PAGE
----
East Tennessee began drying out Monday after Mother Nature dumped several inches of rain throughout the area Sunday.
While areas east of the plateau in the valley did not receive anywhere close to the deadly record-breaking rainfall amounts that fell in middle Tennessee, there was enough local precipitation to raise the anxiety level of Knoxville residents who live near long-time trouble spots.
"You see that line of storms headed this way and there's a lot of apprehension. You just hope it does not make it this far," said Ken Sherfick, who has lived beside flood-prone First Creek in North Knoxville since 1998.
First Creek borders Sherfick's backyard just before horseshoeing beneath Broadway Street and then curving back to his side of the road. The sharp bend in the creek coupled with old bridges that created a bottleneck for the waterway had caused countless floods through the years.
"In 2003, the water came all the way up to our back deck. The current was strong enough that it broke down our basement door. We had five feet of water in the basement," said Sherfick. "We also lost two cars because it flooded our garage and I did not move the vehicles in time."
Knoxville began a $2.3 million project in July 2009 to improve the drainage at First Creek. Severe weather over the winter set the project back slightly, but crews are hopeful they can complete construction by this November.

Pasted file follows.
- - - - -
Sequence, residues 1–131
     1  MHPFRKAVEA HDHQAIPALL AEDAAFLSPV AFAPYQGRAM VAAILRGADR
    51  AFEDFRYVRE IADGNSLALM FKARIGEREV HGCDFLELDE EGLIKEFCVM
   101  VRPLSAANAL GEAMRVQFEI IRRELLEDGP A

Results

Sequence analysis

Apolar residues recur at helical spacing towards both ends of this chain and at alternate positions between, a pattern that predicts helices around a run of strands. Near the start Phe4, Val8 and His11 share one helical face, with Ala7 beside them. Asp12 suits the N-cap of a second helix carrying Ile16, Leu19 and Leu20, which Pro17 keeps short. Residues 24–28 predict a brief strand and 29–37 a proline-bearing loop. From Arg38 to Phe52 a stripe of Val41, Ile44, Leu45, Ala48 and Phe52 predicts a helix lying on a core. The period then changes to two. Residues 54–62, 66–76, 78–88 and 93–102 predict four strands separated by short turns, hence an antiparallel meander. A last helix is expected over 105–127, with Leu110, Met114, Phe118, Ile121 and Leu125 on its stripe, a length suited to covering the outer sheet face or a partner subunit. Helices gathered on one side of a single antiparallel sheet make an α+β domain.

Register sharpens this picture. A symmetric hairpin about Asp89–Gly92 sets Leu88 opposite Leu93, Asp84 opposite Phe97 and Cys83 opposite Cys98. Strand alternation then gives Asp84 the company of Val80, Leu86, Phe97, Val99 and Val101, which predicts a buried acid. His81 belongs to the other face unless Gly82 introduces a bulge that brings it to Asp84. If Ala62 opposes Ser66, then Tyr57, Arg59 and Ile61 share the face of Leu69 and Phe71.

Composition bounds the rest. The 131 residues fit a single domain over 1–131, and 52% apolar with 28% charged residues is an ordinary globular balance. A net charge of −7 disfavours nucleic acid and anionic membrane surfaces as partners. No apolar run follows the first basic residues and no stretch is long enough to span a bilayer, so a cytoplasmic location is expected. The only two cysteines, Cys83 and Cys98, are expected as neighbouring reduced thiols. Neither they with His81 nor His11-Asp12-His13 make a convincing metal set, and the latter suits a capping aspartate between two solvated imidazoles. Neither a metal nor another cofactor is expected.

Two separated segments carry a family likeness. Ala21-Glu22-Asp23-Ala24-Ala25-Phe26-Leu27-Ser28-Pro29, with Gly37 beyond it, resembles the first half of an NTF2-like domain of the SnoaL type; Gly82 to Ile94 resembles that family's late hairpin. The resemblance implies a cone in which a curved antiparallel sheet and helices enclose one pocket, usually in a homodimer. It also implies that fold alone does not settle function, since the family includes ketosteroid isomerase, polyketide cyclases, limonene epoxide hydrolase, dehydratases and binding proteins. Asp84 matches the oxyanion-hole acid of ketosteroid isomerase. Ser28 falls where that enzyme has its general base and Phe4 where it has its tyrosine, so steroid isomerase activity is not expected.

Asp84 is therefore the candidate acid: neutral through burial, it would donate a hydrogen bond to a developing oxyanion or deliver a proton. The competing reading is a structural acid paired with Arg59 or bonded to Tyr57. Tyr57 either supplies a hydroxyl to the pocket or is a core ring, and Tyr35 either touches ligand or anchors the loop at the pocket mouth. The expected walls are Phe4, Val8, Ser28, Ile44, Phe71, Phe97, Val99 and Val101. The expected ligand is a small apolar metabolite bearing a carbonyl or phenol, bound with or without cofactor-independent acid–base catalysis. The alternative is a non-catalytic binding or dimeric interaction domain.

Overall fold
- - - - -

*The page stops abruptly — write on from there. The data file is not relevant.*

"It has been a problem for a long time for the city," said Tom Clabo, chief civil engineer for the City of Knoxville. "We're replacing a bridge at Fairmont Boulevard that restricted First Creek. There will be another new bridge at Emoriland Boulevard."
Crews are also constructing a second channel that will divert water downstream when water levels reach flood stage. As of now, the project is about halfway complete. The Sherficks' home remains at the same risk for flooding, but Clabo said residents farther downstream should already notice a difference.
"It has definitely improved south of Fairmont. We have got the channel in there so it is able to accommodate some of the bigger storms that would have caused issues before," said Clabo.
Until the project is complete this November, the Sherficks will keep their fingers crossed that Mother Nature does not take aim at First Creek.
"There is a light at the end of the tunnel. Until we reach the finish line, we will just live with this as we have the last 11 years," said Sherfick.